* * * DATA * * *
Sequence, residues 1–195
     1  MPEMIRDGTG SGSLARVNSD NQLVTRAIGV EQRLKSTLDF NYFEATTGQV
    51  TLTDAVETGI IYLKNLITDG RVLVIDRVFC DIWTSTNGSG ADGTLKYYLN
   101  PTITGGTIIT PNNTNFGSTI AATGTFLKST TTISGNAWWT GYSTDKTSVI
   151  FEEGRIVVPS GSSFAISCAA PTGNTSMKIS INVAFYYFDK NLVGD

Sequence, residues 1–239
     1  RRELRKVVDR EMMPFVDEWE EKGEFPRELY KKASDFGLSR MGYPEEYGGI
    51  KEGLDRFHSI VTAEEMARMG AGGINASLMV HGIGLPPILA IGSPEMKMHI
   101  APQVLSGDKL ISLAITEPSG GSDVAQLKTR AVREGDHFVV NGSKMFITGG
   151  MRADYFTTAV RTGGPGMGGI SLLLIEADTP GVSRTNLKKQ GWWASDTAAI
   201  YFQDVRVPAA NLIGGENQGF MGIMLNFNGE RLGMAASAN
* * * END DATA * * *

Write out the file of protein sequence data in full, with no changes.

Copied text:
Sequence, residues 1–195
     1  MPEMIRDGTG SGSLARVNSD NQLVTRAIGV EQRLKSTLDF NYFEATTGQV
    51  TLTDAVETGI IYLKNLITDG RVLVIDRVFC DIWTSTNGSG ADGTLKYYLN
   101  PTITGGTIIT PNNTNFGSTI AATGTFLKST TTISGNAWWT GYSTDKTSVI
   151  FEEGRIVVPS GSSFAISCAA PTGNTSMKIS INVAFYYFDK NLVGD

Sequence, residues 1–239
     1  RRELRKVVDR EMMPFVDEWE EKGEFPRELY KKASDFGLSR MGYPEEYGGI
    51  KEGLDRFHSI VTAEEMARMG AGGINASLMV HGIGLPPILA IGSPEMKMHI
   101  APQVLSGDKL ISLAITEPSG GSDVAQLKTR AVREGDHFVV NGSKMFITGG
   151  MRADYFTTAV RTGGPGMGGI SLLLIEADTP GVSRTNLKKQ GWWASDTAAI
   201  YFQDVRVPAA NLIGGENQGF MGIMLNFNGE RLGMAASAN